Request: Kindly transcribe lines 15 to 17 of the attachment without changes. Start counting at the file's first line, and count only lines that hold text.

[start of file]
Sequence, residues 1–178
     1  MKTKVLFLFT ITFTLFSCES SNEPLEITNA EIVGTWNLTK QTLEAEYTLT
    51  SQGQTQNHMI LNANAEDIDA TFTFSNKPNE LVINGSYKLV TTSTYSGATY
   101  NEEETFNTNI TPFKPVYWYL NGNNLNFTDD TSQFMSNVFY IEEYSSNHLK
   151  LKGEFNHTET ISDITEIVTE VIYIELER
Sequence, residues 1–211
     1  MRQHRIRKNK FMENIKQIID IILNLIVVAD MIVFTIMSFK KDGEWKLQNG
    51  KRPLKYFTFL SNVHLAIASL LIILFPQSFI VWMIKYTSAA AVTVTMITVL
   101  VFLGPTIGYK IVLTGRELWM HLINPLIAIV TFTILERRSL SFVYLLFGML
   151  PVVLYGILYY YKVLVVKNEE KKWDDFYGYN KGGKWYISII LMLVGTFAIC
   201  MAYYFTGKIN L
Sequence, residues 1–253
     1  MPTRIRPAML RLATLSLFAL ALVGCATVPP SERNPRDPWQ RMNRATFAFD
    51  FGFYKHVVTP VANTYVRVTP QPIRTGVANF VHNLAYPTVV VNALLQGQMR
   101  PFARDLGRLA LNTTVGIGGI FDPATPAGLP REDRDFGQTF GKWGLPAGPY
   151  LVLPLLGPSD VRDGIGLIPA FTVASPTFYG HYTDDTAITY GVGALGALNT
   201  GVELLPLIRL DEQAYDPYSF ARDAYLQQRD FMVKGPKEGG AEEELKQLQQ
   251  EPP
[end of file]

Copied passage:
   101  PFARDLGRLA LNTTVGIGGI FDPATPAGLP REDRDFGQTF GKWGLPAGPY
   151  LVLPLLGPSD VRDGIGLIPA FTVASPTFYG HYTDDTAITY GVGALGALNT
   201  GVELLPLIRL DEQAYDPYSF ARDAYLQQRD FMVKGPKEGG AEEELKQLQQ